Chemistry in Wastewater Treatment Operations
- May 19, 2013
- Posted by: Eric & Patti Wahlberg
- Category: From the Mind of Eric Wahlberg
Keith Boger founded WasteWater Technology Trainers (WWTT). Keith originally worked as a chemist for the City of San Diego and then as the Director for the State of California’s Water Quality Control Institute. He was also one of the original authors of exam questions for wastewater treatment plant operator certification in the state. Since we took over WWTT from Keith, many students have requested a “chemistry for operators” class. It is with great delight and pride that on May 15-16, 2013, WWTT presented its first Understanding Chemistry and Its Application to Wastewater Treatment Operations at the Sacramento Regional Wastewater Treatment Plant in Elk Grove, California, team-taught by Dr. David Jenkins and Dr. Sidney Innerebner (pictured below with WWTT’s co-owner, Dr. Eric Wahlberg). David is well known throughout the state−indeed, the world−for his long and prolific career as an environmental engineering professor at the University of California, Berkeley. Early in that career, he co-authored the much-used text, “Water Chemistry.” Sidney started her wastewater career as a chemist in the lab at the Littleton/Englewood Wastewater Treatment Plant in Colorado, and now trains water and wastewater treatment plant operators with her company, Indigo Water Group (www.indigowatergroup.com); she also is an adjunct professor at the Colorado School of Mines in Golden, Colorado. Sidney was the Task Chair for the recent update of the Water Environment Federation’s “Basic Laboratory Procedures for the Operator-Analyst,” often touted as “Standard Methods for operators.” A chemistry thread runs long and strong through WWTT’s existence.
When we were planning this course it occurred to us that wastewater treatment plant operators use chemistry every day but maybe not with the knowledge or appreciation of the fact that they are doing so. We all agreed that we didn’t want the class to try to make chemists out of operators, but simply to provide the understanding of chemical principles that would make operators become better operators. Why do some plants have really bad struvite problems and others do not? Why can’t I add a lot of alum and precipitate all the phosphorus out of my tertiary filter influent?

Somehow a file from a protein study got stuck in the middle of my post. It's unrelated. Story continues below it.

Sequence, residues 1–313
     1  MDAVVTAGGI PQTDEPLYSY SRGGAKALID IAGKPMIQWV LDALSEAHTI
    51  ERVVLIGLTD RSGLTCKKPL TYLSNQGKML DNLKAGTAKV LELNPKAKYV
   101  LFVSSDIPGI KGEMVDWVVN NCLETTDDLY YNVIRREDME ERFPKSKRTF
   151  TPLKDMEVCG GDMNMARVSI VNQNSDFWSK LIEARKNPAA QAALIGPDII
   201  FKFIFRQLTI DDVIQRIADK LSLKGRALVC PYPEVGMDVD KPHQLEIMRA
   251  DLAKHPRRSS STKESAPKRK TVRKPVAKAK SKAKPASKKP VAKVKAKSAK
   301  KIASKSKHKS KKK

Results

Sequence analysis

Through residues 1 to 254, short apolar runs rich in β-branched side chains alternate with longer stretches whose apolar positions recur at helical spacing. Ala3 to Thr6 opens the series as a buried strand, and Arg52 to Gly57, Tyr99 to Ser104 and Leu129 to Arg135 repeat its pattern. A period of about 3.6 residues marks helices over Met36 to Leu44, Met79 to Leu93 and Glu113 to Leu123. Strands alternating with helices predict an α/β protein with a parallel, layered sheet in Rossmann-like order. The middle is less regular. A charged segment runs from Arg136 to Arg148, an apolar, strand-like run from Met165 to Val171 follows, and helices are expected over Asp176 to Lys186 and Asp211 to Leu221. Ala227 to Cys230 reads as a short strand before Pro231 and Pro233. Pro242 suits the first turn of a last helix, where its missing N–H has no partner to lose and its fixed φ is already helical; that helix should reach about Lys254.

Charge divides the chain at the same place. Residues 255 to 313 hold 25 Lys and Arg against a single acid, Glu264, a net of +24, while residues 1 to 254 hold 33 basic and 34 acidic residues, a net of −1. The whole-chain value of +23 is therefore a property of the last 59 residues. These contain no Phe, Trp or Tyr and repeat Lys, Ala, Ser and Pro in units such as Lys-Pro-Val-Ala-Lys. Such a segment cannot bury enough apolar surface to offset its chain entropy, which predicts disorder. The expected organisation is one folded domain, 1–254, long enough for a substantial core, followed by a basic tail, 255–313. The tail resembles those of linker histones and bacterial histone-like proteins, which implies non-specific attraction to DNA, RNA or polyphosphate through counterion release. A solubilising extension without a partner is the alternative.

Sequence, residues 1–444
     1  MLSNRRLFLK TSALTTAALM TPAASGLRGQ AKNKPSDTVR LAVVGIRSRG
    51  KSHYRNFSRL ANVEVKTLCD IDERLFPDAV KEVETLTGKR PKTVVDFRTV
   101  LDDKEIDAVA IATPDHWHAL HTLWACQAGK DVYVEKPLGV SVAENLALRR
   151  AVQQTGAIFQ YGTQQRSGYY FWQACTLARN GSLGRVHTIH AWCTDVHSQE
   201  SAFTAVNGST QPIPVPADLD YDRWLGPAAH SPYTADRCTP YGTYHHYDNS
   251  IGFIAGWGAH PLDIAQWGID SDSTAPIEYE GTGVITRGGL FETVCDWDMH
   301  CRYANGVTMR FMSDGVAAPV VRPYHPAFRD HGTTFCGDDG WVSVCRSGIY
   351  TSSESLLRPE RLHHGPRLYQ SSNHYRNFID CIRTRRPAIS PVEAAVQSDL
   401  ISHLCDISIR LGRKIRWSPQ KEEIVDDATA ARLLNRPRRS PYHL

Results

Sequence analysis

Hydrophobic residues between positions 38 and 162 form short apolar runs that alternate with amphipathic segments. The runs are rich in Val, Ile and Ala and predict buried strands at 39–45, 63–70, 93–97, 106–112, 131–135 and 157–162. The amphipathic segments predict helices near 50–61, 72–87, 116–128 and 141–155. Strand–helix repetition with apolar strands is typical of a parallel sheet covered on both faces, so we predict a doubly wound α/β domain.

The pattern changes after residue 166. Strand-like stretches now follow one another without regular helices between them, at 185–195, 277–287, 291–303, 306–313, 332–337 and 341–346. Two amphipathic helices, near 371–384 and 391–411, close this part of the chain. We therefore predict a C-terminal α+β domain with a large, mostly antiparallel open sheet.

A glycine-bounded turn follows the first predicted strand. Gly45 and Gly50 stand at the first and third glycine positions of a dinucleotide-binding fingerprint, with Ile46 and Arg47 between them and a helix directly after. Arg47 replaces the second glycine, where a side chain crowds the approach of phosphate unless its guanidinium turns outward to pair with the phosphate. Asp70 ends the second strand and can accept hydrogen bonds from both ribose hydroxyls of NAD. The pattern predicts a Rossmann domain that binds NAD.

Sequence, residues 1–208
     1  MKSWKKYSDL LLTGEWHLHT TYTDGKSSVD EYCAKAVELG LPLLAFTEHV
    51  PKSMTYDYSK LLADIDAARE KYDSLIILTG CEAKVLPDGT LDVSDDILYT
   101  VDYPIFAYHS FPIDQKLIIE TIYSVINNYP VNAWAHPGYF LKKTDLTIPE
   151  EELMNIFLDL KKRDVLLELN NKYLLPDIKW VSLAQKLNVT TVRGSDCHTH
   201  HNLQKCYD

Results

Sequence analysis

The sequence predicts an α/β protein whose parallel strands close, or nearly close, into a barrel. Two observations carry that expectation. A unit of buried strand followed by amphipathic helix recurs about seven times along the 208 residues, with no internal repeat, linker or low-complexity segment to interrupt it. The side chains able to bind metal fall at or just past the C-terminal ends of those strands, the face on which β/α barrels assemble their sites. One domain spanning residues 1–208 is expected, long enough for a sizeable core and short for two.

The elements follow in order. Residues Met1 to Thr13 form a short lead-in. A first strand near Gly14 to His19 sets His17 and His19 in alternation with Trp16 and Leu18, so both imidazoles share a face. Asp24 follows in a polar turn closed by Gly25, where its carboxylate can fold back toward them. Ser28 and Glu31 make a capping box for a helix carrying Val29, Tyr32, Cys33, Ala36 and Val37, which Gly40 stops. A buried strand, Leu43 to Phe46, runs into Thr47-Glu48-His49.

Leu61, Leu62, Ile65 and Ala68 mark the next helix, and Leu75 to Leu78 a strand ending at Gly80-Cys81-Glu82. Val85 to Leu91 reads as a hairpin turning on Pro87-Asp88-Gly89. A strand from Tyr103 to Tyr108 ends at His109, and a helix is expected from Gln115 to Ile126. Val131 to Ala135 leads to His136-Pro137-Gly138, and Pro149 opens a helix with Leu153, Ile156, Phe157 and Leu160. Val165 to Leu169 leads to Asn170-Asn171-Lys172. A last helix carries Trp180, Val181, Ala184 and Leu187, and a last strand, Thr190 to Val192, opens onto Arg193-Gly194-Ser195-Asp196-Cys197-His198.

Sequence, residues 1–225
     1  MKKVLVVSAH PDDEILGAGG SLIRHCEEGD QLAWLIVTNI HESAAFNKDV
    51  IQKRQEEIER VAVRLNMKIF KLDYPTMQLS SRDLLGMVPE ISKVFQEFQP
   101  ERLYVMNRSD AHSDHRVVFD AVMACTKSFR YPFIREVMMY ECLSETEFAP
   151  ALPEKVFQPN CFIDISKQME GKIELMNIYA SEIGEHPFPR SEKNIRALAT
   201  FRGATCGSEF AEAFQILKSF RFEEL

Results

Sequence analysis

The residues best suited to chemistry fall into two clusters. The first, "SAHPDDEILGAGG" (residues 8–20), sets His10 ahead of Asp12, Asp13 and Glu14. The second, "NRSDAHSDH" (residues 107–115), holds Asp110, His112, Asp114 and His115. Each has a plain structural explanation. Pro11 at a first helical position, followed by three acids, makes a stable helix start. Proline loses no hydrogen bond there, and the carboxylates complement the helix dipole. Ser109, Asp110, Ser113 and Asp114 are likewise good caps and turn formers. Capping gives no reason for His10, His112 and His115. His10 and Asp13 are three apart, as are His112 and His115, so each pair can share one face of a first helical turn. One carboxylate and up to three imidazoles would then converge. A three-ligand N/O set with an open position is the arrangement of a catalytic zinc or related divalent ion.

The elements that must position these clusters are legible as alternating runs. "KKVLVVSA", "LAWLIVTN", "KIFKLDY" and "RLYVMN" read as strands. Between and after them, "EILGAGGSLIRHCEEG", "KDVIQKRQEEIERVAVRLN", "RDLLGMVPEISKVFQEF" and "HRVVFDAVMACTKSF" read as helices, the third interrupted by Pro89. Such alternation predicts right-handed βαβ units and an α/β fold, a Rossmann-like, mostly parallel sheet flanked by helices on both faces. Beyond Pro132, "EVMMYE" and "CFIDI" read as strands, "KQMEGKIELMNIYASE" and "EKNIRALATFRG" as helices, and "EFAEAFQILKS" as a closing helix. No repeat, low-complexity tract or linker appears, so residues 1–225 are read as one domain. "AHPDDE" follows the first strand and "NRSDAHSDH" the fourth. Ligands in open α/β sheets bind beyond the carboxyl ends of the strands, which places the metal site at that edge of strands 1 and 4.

There is a lot of focus given these days on removing nutrients prior to discharging effluents into the environment. When someone says “nutrients,” reference is typically being made to nitrogen and phosphorus. But as operators we need to give ourselves credit where credit is due. Since we started treating wastewater, we have been removing the nutrient upon which the biosphere is most dependent: carbon. Just the reactions involving carbon that occur in every living cell, those anabolic and catabolic reactions learned in high school biology, are staggeringly awesome in their chemical simplicity and, at the same time, amazingly sophisticated. What’s an atom here, an atom there, an electron here, an electron there among friends? Well . . . everything.
Comment with your most vexing chemistry question or the chemical reaction you find most awesome. We look forward to hearing from you.
L to R: Dr. Eric Wahlberg, Dr. Sidney Innerebner, Dr. David Jenkins
If my lab results shows a total nitrogen as 68 and total Kjeldahl of 68 and nitrogen as nitrate + nitrite as non detectable for our effluent that is pumped to a drain field, our monitoring well for ground water shows a nitrate level of 20 ppm, how is this possible if the nitrate level pumped to the drain field is non detectable??
Eric J. Wahlberg
The first three pieces of information you’ve given tells me that the nitrogen in your effluent is all TKN. As you know, TKN = NH3/NH4-N + organic N. The data you’ve supplied does not allow for the determination of how much of your effluent TN is NH3/NH4-N and how much is oranic-N, but I’m assuming there is some NH3/NH4-N in your effluent. I’d say that a TN of 68 mg N/L is pretty steep. Do you nitrify? Are you an industrial plant? Do you measure NH3/NH4-N in your effluent? Regardless, the nitrate in the groundwater, presumably down gradient from your drain field, is coming from the nitrification of the NH3/NH4-N in your effluent as it passes through the soil.
Hope this helps.
Eric & Patti Wahlberg
We just emailed you. Classes are posted on this website on the “Schedule” page. Thank you!
Eric & Patti Wahlberg
Eric will email you soon.